A Look Back at the Mid-Engine 914, the Most Misunderstood and Underrated Porsche

Porsche 914/6 16 photos
Photo: Porsche AG
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Co-developed with Volkswagen, the 914 was a quirky departure from the 911, and today, many people unjustly see it as a failed experiment that lacks the genuine Porsche allure.
By the mid-1960s, Porsche was still a relatively young company, but thanks to its successful motorsport project and the terrific road-going 356, it had established itself as a premier sports car manufacturer.

Porsche had also introduced the 911 in 1964, but since neither the 911 nor the flat-four-powered 912 (released in 1965) weren't necessarily cheap, the carmaker was exploring the idea of launching a new entry-level model.

Meanwhile, on the other side of West Germany, Volkswagen was looking to develop a successor for the Karmann Ghia Type 14, a coachbuilt 2+2 coupe based on the underpinnings of the Type 1 "Beetle."

The VW-Porsche connection

Porsche 914/4
Photo: Porsche AG
In the spring of 1966, Volkswagen's CEO Heinrich Nordhoff met with Ferry Porsche and laid down a plan that would address both companies' needs.

The plan was to have Porsche develop the car, while VW would provide cheap and reliable components (including an engine). Then, Karmann was to handle chassis manufacturing to free up both carmakers' assembly lines and further reduce costs.

After three years of further research and development, a new corporate entity called VW-Porsche-Vertriebsgesellschaft (VW-Porsche Sales Company) was created, and several months later, at the Frankfurt Motor Show, the model called 914 was unveiled.

A two-seat targa top mid-engine sports car, the 914 debuted as a 1970 model marketed in Europe as a VW-Porsche, while in the US, it was sold as a Porsche, albeit without the manufacturer's badge on the hood.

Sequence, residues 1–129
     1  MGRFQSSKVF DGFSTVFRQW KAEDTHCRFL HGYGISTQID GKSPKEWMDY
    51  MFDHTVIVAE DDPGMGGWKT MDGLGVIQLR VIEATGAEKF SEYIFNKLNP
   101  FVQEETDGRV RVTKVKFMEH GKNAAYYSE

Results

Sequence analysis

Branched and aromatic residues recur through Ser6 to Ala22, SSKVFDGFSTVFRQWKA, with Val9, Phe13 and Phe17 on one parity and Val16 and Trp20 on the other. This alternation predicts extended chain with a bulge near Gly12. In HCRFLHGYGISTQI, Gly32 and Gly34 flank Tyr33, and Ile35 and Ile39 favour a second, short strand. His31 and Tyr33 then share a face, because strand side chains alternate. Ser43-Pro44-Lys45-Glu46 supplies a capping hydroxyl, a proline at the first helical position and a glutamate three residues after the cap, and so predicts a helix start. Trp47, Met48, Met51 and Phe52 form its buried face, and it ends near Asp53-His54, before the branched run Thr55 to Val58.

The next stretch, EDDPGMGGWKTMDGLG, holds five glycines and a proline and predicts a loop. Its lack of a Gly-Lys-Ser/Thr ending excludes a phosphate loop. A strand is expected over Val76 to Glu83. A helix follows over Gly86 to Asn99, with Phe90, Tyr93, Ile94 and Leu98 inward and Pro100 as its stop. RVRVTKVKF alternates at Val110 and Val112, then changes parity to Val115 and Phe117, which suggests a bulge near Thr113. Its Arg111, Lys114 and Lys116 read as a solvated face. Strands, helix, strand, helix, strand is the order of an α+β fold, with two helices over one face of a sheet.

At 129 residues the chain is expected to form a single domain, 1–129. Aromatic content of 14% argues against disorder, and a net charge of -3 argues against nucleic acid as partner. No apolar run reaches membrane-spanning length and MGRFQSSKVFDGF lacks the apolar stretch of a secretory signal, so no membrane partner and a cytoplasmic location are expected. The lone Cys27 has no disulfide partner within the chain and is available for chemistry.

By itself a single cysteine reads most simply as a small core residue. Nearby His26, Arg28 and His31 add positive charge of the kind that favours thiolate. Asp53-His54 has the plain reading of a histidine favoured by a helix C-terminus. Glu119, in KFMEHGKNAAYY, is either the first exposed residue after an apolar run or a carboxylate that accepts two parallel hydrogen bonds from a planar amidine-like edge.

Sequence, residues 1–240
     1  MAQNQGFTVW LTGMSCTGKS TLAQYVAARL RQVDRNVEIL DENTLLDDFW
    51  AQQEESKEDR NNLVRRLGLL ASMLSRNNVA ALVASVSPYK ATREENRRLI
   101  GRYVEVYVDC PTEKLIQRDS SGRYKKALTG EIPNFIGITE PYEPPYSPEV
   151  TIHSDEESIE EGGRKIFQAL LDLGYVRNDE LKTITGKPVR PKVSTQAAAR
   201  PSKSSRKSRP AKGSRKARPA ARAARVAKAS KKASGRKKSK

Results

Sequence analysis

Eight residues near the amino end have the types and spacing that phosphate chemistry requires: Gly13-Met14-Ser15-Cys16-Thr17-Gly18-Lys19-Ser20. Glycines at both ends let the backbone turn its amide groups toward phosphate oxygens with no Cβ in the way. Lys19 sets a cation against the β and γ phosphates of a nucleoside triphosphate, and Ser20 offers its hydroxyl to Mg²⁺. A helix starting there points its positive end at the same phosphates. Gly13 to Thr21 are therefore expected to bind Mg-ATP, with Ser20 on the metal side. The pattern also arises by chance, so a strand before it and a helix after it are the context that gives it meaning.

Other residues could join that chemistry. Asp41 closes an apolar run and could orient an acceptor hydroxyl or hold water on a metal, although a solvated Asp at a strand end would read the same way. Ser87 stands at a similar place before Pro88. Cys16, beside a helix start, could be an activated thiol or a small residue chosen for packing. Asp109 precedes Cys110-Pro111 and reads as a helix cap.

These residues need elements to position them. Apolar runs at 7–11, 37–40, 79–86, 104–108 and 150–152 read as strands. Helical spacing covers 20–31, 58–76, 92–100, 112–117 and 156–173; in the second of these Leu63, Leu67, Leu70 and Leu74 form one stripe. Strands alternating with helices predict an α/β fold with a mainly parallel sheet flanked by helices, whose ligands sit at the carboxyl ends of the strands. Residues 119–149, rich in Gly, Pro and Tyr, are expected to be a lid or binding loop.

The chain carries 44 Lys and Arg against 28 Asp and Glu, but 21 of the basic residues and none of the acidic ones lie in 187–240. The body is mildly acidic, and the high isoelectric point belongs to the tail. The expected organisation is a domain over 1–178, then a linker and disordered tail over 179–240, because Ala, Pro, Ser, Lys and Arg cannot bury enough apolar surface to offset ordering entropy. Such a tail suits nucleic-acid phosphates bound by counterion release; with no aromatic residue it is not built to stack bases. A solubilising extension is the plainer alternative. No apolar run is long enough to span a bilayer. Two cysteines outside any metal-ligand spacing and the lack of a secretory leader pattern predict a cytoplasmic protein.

A cleverly designed econo-sports car

Porsche 914/6
Photo: Porsche AG
The brainchild of Ferdinand Alexander "Butzi" Porsche, the company founder's grandson, the 914 started out as a series of sketches created in 1964.

Butzi's ideas and sketches were presented to Porsche designers, who were tasked with improving them. Of the subsequent design proposals submitted, the one chosen for production was penned by Heinrich Klie, who, at the time, was not actually a stylist but an employee in the body development studio.

Often described as boxy and angular, the car actually featured minimal straight lines. Small, low-slung, and remarkably wide (even by today's standards), it looked modern and youthful.

Furthermore, the small 914 was also surprisingly practical. Cleverly designed, it offered as much cargo space as a larger European sedan.

The removable fiberglass targa top could be stored in the trunk, where, with the top on, the 914 had seven cubic feet (198.2 liters) of luggage space. With the top stored in the trunk, owners could use the "frunk," which, despite housing a spare, offered nine cubic feet (254.8 liters) of additional cargo space.

Fun on four wheels

Porsche 914/6
Photo: Porsche AG
While it was cheap for a mid-engine sports car and used a long list of existing VW and Porsche components, it featured an advanced steel unibody chassis developed to maximize rigidity.

Coupled with the fully independent suspension and four-wheel disc brakes, it led to the kind of crisp and addictively fun handling one would expect from a thoroughbred sports car.